And of course, as previously mentioned, you two will have to get on the same page with regards to key, which isn’t as straight forward as it may seem: You’ll need to know what keys the tunes are in on the whistlewhistle(s) you’re bringing to your get togethers (many whistle players have no idea what key the tunes they play are in) and he’ll need to know what position on the harp he’s learning each tune. That’s assuming he’s playing diatonic harps rather than chromatic, and that he owns all harmonicas to cover the various keys, and that he understands the concept of position playing on the harp, so that he knows what key he’s actually playing in when playing each tune..... the diatonic harmonica is a strangely tuned beast and one often plays it in one of several keys other than what it is labeled. And you’re probably going to want to avoid tunes in minor, again for his benefit.

Basically, just comes down to both of you having a good understanding of your instruments, how you play them in different keys, and getting on the same page so that you can learn tunes in keys that fall on instruments you both own, or will own by the time you meet up to play.

Good luck and have fun! Make some recordings when you get together and share the results if you feel like it.


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PostPosted: Tue Nov 21, 2017 7:58 am 
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Nanohedron wrote:
Arf.

Just kidding. All you can do is try it and see how it works for you. I don't remember ever seeing and hearing harmonica and whistle duets, per se, so I don't have a personal opinion. Maybe it will sound good. Maybe it won't. Maybe it will be so offensive that it's worth doing for that very reason. :wink:


I think the Pogues do harmonica/whistle on the song Birmingham Six. Maybe thats why the BBC banned it from radio play haha.


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PostPosted: Tue Nov 21, 2017 8:42 am 
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Oh one other thing, if you are playing soprano whistle and he is playing diatonic harps, you might try to convince him to get an appropriate key LOW harmonica or two, or possibly you buy a couple of less expensive lower pitched whistles. Soprano whistles and harps in the keys from about Bb on up are pretty high pitched, and both combined can be a bit much, depending on the harp key. For example if you’re planning t play tunes in D, and he’s going to be playing a D harp (1st Position), well that D harp is pretty high pitched, and paired with someone playing a D soprano whistle, I’d be reaching for earplugs. In this instance a Low D Harmonica would sound MUCH better with a D whistle.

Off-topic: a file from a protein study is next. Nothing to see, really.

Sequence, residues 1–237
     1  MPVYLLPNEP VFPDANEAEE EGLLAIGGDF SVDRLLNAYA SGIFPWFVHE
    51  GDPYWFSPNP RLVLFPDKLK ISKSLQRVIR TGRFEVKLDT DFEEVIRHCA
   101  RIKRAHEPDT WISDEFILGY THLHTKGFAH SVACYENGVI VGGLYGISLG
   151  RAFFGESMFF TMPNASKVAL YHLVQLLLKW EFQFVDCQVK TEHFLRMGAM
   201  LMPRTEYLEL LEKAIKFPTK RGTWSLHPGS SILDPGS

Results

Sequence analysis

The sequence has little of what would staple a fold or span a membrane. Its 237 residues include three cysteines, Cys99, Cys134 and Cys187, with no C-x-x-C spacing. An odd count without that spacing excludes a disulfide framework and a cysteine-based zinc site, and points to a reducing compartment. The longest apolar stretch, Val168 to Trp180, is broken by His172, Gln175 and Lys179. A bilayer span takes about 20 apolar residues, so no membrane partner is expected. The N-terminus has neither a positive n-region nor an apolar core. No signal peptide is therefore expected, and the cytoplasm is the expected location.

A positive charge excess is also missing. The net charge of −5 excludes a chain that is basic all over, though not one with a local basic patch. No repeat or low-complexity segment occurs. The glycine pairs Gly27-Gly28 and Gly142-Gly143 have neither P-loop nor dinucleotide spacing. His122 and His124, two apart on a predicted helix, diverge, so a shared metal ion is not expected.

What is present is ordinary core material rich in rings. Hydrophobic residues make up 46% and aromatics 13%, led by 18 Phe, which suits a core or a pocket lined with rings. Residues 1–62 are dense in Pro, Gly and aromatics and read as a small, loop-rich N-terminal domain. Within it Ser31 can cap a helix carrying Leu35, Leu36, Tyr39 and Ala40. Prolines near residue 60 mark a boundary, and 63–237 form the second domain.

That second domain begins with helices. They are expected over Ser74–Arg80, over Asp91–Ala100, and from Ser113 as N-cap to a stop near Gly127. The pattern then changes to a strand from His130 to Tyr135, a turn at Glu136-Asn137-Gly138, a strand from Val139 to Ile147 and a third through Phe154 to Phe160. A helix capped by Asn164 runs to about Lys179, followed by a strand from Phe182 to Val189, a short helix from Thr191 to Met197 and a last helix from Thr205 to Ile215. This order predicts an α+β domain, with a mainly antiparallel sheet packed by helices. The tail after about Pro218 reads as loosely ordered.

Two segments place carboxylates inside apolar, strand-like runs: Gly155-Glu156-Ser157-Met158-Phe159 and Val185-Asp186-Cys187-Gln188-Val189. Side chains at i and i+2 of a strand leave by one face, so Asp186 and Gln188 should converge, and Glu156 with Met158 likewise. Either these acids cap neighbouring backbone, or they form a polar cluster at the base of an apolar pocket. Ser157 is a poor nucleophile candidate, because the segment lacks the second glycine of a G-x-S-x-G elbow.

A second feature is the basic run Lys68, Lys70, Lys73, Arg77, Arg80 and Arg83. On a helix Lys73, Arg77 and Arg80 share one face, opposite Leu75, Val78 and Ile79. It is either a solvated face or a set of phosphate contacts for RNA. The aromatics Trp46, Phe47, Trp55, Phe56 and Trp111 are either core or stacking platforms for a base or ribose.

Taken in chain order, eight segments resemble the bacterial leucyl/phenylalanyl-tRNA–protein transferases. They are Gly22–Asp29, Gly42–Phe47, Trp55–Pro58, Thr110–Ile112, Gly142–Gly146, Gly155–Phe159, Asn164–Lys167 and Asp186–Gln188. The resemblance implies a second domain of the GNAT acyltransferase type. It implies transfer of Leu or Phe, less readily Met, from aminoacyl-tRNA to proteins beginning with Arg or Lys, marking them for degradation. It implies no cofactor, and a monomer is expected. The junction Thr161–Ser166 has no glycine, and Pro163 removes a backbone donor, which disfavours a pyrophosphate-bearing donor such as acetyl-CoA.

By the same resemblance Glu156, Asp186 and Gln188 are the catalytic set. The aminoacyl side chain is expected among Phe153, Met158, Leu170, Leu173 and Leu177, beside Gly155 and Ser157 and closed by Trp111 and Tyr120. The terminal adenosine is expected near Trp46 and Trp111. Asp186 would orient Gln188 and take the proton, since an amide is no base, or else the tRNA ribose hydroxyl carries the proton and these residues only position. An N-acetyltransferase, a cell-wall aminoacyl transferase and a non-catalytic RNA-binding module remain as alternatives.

OTH, if you choose tunes in G, harps from the Key of A on down are sufficiently low in pitch that G harp played in 1st position and D whistle played in should sound quite good, rather than the likely ear piercing example given above.

Now if your buddy learns to play in both 1st and 2nd position, then he could play G tunes as well as D tunes on that G harmonica. The G harmonica also plays in the key of A in 3rd position..... and I’m wasting my breath here if he bought a chromatic, so I’ll leave it at that. Just keep in mind that the higher pitched diatonic harmonicas may not sound that great with high pitched whistles, so having one instrument or the other, or both, a bit lower will sound best, and this ties in with the choice of which tunes you plan to learn, and in which keys.


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PostPosted: Tue Nov 21, 2017 9:33 am 
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This snap was taken at the gala concert of the 2006 Feakle festival, an ad hoc instance of the Kitty Hayes band. Harmonica playerMick Kinsella , the late Kitty Hayes playing concertina, the whistleplayer and the guitarplayer, the late Maurice Coyle, who sadly died recently.

I think that worked nicely. Good memories of the night anyway.

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PostPosted: Tue Nov 21, 2017 10:23 am 
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Look at this can of worms!! I love it. Heaps of good info and probably a year away to get in synch (not the band, yeuch)


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PostPosted: Tue Nov 21, 2017 3:00 pm 
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There is a fun (and somewhat strange) album out there called The Lark In The Clear Air featuring instruments you could fit in your pocket: harmonica, piccolo, and jew's harp. While there aren't whistle/harmonica duets, there is piccolo/harmonica, as well as harmonica/flute, so I'd say whistle/harmonica would be just fine.

Spotify link to the album: https://open.spotify.com/album/70fPrlHIvsmyyFFRmMPZXW

Youtube link: https://www.youtube.com/watch?v=ym3OKOkQSII&list=PLTYuoeeYvBadrDpeQrXyTAoL06VmDRBV4


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PostPosted: Wed Nov 22, 2017 6:55 am 
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As a Harmonica (50 years plus) and Whistle player ( mostly low D's 7 years) These instruments work well together. I find that the use of a Chromatic has a better range and the advantage of key change (playing in different modes) than a straight single keyed instrument.

Get to know what you like to play and practice,